Internationally, despite repeated assertions that Russia would go into Ukraine, Biden’s administration made no apparent preparations, once again, showing a naivete or calculated disregard for the consequences to the EU and the world, involving a conflict the U.S. set in motion; a repeat of its performances in Afghanistan, Iraq, and the other wars and conflicts mentioned above.
Finally, the unprecedented attack on the Capitol, being replayed in the House of Representatives as we speak, is a poignant reminder of how easily so many discontented Americans can be carried away by a wave of lies into being part of an insurrection.
Massive military spending and US deficits
The result of these endless wars and conflicts, external and internal, has been a financial disaster for all Americans, except the military-industrial complex. Spending on the armed forces and conflicts between 1989 and 2022 totaled over 17 trillion US dollars, adding to a US deficit that now stands at 30.4 trillion US dollars. This does not include the monies spent and actions taken in “the war on drugs,” the lives lost, or the fact that the world is less safe today than it was in 1989. Meanwhile, real wages for the lower-middle classes stagnated and their hopes for a better future for themselves and their children withered.
NATO as the new “Policeman of the World”
Following an acrimonious and unfruitful G7 meeting, NATO met from June 28th to June 30th, ostensibly to talk about the Ukraine situation, but the end goal from the beginning was to designate China as the organization’s long-term threat. A new determination to deepen “defense” cooperation with Australia, Japan, New Zealand, and the Republic of Korea was announced, and coincidently all the countries were in attendance.
It was an interesting backflip for an organization established at the end of WWII to implement a defensive security agreement between European and US states against Russian attacks and to prevent another World War starting in Europe. During the Cold War, NATO’s purpose was about “deterring Soviet expansionism, forbidding the revival of nationalist militarism in Europe through a strong North American presence on the continent.” But, when the Warsaw Pact dissolved in 1991, instead of disbanding, NATO was folded into a US strategy to deter “the re-emergence of a new rival, either on the territory of the former Soviet Union or elsewhere.” This quote is telling, as it clearly underlines that Russia was viewed not as a potential partner to be integrated into Europe, but as a threat that needed to be perpetually guarded against, and that the U.S. intended to maintain its hegemonic position using NATO.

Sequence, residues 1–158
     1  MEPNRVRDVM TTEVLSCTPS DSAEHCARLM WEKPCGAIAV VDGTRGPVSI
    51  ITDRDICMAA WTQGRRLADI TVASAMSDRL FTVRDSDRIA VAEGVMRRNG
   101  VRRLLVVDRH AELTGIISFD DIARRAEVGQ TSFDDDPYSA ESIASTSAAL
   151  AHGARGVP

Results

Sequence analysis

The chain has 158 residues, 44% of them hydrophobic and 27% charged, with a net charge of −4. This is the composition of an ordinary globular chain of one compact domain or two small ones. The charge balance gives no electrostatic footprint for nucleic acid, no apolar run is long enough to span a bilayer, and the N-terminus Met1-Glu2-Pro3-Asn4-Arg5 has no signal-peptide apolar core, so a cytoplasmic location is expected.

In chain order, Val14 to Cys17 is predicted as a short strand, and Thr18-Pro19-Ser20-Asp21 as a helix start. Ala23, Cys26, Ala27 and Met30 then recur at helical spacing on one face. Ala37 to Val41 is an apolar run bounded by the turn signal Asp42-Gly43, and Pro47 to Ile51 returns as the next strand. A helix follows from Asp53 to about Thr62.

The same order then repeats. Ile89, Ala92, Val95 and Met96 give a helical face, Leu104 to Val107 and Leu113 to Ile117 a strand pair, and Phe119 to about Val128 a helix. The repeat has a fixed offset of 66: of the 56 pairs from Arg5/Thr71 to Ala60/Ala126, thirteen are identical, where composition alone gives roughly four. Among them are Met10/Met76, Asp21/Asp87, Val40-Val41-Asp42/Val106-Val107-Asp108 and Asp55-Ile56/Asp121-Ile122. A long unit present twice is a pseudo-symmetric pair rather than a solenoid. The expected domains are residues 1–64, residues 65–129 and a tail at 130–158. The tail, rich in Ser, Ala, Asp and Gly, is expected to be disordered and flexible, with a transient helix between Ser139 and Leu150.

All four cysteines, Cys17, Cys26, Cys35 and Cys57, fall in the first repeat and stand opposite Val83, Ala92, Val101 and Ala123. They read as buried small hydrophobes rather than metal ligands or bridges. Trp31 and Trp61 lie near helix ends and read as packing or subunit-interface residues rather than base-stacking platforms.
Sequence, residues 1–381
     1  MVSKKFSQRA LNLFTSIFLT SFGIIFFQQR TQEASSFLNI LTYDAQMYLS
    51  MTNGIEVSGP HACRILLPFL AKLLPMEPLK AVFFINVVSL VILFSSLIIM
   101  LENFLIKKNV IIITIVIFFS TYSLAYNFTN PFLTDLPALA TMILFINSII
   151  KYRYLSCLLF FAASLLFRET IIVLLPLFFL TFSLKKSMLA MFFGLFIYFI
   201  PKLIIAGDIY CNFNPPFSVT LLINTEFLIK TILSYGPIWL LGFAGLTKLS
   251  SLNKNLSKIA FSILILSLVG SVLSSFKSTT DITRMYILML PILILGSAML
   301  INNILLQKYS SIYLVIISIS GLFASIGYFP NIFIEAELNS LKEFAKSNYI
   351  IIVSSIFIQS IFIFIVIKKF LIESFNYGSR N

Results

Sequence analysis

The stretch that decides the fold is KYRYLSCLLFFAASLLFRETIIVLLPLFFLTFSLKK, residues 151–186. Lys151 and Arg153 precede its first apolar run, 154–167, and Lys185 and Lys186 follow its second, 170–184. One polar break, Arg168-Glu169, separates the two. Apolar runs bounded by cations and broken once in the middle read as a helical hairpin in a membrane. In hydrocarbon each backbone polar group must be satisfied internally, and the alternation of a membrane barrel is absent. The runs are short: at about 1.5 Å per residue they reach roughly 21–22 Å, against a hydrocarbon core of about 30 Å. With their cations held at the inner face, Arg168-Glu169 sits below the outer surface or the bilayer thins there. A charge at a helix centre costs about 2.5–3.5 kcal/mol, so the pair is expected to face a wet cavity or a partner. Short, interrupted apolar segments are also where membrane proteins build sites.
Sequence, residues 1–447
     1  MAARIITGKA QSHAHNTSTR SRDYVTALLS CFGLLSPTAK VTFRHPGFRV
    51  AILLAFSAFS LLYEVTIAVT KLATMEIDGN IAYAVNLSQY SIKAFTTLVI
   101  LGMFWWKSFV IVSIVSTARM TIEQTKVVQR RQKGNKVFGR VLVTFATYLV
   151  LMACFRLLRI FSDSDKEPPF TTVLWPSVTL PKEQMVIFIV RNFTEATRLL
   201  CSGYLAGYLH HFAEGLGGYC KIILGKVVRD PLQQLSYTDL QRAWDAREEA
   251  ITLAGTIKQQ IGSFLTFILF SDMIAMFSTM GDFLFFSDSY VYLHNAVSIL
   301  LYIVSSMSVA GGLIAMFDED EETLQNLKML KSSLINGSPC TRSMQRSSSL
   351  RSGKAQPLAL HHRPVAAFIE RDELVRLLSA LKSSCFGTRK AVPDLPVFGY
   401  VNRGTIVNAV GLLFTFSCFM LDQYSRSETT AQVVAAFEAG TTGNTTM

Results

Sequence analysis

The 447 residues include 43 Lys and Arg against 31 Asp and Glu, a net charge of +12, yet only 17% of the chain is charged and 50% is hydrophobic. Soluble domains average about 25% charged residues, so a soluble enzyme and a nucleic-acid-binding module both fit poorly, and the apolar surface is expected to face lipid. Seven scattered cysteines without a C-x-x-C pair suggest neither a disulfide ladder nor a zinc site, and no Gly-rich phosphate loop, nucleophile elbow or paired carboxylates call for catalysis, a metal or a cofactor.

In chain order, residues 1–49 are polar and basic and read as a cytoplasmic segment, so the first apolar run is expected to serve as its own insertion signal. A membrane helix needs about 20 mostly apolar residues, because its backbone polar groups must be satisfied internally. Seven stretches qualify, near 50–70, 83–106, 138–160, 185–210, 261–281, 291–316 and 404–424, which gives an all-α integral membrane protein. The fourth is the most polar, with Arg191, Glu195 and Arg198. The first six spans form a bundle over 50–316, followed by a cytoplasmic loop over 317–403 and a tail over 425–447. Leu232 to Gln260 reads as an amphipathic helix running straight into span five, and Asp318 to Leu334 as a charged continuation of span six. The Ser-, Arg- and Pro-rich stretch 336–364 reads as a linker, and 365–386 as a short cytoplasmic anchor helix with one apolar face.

It turned out to be a self-fulfilling prophecy. In 2007, Vladimir Putin repudiated the US unipolar world order hostile to Russia in a speech to the Munich Security Conference. Based on broken oral assurances that NATO would not expand into areas of the former USSR and having had its application to NATO turned down three times, Putin had come to the conclusion that the hope he had expressed in his speech to the German Bundestag in 2001: to be part of a European “home,” was no longer feasible. Imagine if Russia had been allowed into NATO, the hostilities we face today would have never happened. Once again, a lack of vision, or one obscured by the need to have a “bad guy” to justify American exceptionalism, prevented any hope of peace.
Instead of peace, the U.S. showed the EU the economic dividends of military, political and economic supremacy in the form of targeted loans to countries that employed American contractors like Kellogg, Brown and Root, CH2M Hill, and Bechtel, and that bought American equipment from makers like Caterpillar. During the Afghan war, an average of 300 million US dollars a day was spent, and a similar amount in Iraq. American firms like KBR, Lockheed Martin, Boeing, Raytheon, General Dynamics, Parsons, Northrop Grumman, and the infamous Blackwater, lined up for parts of the trillions doled out, in many cases without bids. As can be imagined, the massive money involved was noted enviously by European arms, equipment, and services companies that wanted a piece of the pie.
The economic carrot of war money was not enough though to get the EU to up its military spending and oppose those to whom the U.S. deemed as adversaries. There had to be a galvanizing event, especially given the rather lukewarm EU reaction to the US unilateral withdrawal from the Paris Agreement and the JCPOA. By luck or planning, the simmering Ukraine conflict seemed like the perfect event. It would make Putin the villain, weaken Russia, and could be fashioned into a conduit for casting China as an outlier while energizing NATO into sharing the costs of assuming America’s “Policeman of the World” role. The American exceptionalism camp may have reasoned that by putting Ukraine in play, it would either result in China breaking with Russia, or create an opportunity to paint China as a conspirator, either one being a desirable outcome.